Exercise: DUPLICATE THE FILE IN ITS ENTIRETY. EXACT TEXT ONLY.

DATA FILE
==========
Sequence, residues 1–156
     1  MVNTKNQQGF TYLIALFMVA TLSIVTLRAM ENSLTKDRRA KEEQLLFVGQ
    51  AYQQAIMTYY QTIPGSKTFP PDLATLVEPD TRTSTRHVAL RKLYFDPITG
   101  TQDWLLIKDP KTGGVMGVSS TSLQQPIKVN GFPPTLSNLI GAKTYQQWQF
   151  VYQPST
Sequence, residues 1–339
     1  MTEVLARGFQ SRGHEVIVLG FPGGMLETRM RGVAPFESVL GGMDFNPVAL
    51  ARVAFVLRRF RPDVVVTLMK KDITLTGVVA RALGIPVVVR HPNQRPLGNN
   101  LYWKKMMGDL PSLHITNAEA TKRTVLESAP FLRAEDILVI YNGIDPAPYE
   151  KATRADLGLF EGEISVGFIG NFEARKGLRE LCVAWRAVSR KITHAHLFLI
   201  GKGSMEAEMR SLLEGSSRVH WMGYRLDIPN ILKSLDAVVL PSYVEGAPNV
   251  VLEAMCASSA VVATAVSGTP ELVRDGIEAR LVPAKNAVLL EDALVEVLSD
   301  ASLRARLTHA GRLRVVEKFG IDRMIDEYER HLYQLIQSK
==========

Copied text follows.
Sequence, residues 1–156
     1  MVNTKNQQGF TYLIALFMVA TLSIVTLRAM ENSLTKDRRA KEEQLLFVGQ
    51  AYQQAIMTYY QTIPGSKTFP PDLATLVEPD TRTSTRHVAL RKLYFDPITG
   101  TQDWLLIKDP KTGGVMGVSS TSLQQPIKVN GFPPTLSNLI GAKTYQQWQF
   151  VYQPST
Sequence, residues 1–339
     1  MTEVLARGFQ SRGHEVIVLG FPGGMLETRM RGVAPFESVL GGMDFNPVAL
    51  ARVAFVLRRF RPDVVVTLMK KDITLTGVVA RALGIPVVVR HPNQRPLGNN
   101  LYWKKMMGDL PSLHITNAEA TKRTVLESAP FLRAEDILVI YNGIDPAPYE
   151  KATRADLGLF EGEISVGFIG NFEARKGLRE LCVAWRAVSR KITHAHLFLI
   201  GKGSMEAEMR SLLEGSSRVH WMGYRLDIPN ILKSLDAVVL PSYVEGAPNV
   251  VLEAMCASSA VVATAVSGTP ELVRDGIEAR LVPAKNAVLL EDALVEVLSD
   301  ASLRARLTHA GRLRVVEKFG IDRMIDEYER HLYQLIQSK